Replacing D.C. Police Chief Cathy Lanier will not be easy. Chief Lanier has definitely made a positive mark on our city from the time she entered the police force in 1990 as a foot patrolman. She moved up the ranks and in 2006 then Mayor-elect Adrian Fenty named Lanier as his choice for chief.
That was when I first met Lanier. It was suggested to her she meet with a group of LGBT activists and the meeting took place in a private home in Northwest D.C. There were about eight in attendance and one of the major issues on the table that day was the continuation of the award-winning Gay and Lesbian Liaison Unit (GLLU). This was a unit begun by former Chief Charles Ramsey and led by Sgt. Brett Parson. The unit had been recognized nationally as an example of superb community policing. It turned out Parson had worked as a partner of Lanier’s at one time. The meeting was great and we formed a good bond with the new chief, which on my part lasts until today. There were, of course, disagreements over the ensuing 10 years, most of which concerned the staffing of the unit. But Lanier was always open to discussion and negotiation with the LGBT community even when we weren’t always on the same page.
Crime has gone down during her tenure here and she is often rated highest by the community of any public official. There were rumors of other cities wanting to hire her away. I would assume her knowledge and expertise in the area of homeland security is what attracted the National Football League to her. That experience was first attained when in 2006 she became the Commander at the Office of Homeland Security and Counter-terrorism, Office of the Chief of Police in MPDC, overseeing, among other things, the bomb squad and the emergency response team.
So replacing her isn’t easy. But while I am sure there are many good choices across the nation my suggestion to the mayor is she look here within the department. There are six assistant chiefs and others in the department who I am sure could do the job. I have personally had great experiences working with Assistant Chief Peter Newsham, a stand-up officer with a real understanding of the District. In addition to his background in policing that began when he joined the force in 1989 he also holds a law degree from the University of Maryland.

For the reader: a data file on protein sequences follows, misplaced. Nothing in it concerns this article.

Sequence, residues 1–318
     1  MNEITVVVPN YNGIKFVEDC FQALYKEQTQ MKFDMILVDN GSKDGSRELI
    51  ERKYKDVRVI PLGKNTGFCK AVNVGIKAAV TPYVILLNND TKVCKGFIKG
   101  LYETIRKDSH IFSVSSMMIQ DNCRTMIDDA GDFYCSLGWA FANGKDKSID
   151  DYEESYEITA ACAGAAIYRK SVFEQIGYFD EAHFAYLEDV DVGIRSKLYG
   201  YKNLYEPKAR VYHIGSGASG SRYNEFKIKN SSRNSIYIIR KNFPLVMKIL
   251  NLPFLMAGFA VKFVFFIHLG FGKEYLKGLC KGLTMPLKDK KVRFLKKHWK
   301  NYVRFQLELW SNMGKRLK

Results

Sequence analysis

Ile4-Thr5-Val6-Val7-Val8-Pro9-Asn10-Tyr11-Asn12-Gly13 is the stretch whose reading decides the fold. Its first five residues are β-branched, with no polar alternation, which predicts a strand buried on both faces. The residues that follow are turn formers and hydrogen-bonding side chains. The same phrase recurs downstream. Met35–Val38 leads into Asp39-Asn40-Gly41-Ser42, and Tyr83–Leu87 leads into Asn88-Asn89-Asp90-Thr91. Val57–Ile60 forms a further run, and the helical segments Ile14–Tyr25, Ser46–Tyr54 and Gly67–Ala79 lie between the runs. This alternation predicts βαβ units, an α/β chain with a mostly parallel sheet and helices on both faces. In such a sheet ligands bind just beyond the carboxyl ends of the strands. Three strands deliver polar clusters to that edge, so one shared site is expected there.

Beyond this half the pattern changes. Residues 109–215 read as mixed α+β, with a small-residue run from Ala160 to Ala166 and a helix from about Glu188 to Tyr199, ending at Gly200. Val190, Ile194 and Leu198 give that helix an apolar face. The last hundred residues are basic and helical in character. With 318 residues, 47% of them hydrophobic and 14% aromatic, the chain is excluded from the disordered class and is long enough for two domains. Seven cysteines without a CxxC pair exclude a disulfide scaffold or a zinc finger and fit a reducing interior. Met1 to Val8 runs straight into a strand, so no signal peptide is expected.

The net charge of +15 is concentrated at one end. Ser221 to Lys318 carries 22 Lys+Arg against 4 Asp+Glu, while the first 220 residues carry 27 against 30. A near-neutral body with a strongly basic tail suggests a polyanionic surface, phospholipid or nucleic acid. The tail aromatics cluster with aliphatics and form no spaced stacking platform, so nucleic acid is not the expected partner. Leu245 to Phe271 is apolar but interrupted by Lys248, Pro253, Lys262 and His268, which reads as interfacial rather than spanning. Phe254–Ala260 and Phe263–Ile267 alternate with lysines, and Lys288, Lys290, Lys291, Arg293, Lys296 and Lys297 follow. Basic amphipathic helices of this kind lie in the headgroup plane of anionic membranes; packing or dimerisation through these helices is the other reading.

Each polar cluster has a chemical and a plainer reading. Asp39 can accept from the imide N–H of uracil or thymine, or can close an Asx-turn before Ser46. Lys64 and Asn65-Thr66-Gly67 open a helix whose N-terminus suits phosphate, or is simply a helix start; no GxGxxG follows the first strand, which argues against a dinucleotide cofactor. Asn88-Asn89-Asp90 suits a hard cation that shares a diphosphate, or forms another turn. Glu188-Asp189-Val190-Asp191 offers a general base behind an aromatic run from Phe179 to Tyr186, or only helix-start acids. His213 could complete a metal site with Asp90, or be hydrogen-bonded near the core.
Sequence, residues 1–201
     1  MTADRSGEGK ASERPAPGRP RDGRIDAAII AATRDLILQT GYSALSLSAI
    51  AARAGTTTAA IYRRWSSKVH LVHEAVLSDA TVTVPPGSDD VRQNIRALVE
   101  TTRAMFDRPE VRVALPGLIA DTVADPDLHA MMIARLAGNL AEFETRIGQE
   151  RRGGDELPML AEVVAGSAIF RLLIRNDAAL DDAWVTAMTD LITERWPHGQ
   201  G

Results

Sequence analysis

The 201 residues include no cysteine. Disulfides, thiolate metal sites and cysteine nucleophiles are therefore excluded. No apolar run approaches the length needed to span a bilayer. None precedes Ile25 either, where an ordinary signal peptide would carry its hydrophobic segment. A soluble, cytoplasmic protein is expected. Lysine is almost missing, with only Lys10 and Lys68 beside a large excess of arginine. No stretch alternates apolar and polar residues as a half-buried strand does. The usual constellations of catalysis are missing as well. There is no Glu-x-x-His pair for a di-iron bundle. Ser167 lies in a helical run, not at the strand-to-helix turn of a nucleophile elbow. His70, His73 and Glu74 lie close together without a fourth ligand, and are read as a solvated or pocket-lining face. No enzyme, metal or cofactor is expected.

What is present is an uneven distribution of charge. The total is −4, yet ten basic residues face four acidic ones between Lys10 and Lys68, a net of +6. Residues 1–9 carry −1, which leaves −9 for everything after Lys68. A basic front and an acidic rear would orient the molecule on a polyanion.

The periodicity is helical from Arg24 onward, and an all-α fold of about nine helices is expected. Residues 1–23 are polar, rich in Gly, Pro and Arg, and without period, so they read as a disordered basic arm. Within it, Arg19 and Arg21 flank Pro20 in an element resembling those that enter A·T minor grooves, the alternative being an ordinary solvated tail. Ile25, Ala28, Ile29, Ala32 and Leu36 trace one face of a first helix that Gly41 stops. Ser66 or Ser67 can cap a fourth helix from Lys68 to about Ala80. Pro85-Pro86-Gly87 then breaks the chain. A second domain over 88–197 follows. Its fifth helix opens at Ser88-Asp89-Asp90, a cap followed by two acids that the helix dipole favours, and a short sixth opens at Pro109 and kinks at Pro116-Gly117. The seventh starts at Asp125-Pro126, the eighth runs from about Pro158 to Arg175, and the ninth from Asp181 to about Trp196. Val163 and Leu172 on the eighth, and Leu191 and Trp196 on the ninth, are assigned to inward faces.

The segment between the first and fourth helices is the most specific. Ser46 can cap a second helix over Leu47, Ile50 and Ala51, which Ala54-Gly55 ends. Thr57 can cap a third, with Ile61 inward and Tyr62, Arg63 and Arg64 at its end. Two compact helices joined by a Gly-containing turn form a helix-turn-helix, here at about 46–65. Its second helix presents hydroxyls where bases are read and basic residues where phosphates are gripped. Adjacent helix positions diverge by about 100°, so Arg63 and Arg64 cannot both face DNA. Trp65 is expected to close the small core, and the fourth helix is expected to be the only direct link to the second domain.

But the person I think should get strong consideration as the replacement for Lanier is Assistant Chief Diane Groomes. She currently heads the Patrol and School Services Division. Groomes is one of the most visible of police officials present anytime day or night to support both the community and her officers. In her role, she oversees all of the officers who respond to 911 calls, which is the largest command on the force. From everything I have seen she has a well-earned reputation of working with all the diverse communities across the District, helping to solve problems in a way that ends up being respected by all.
Groomes joined the Department in 1990 and moved up the ranks quickly. She was named an Assistant Chief by Lanier in 2007. She has been responsible for developing many innovative programs and has always been willing to both review and improve the ongoing education that officers of the MPD are required to have.
Mayor Bowser is now faced with replacing what most consider the two most crucial members of her administration. The Schools Chancellor and the Chief of Police. When she is up for reelection in November of 2018, the performance of city students and the crime level will most likely be big determinants for many voters on whether to give her a second term.
Because no one administration stands on its own feet and there is a continuity over the years the mayor is lucky that in both agencies, MPD and DCPS, there is a strong bench of professionals ready to step up. That shouldn’t stop the mayor from looking across the nation for new talent but it should give her confidence we have people here in the District ready to assume the mantel of leadership if she calls on them to do so.
Peter Rosenstein is a longtime LGBT rights and Democratic Party activist. He writes regularly for the Blade.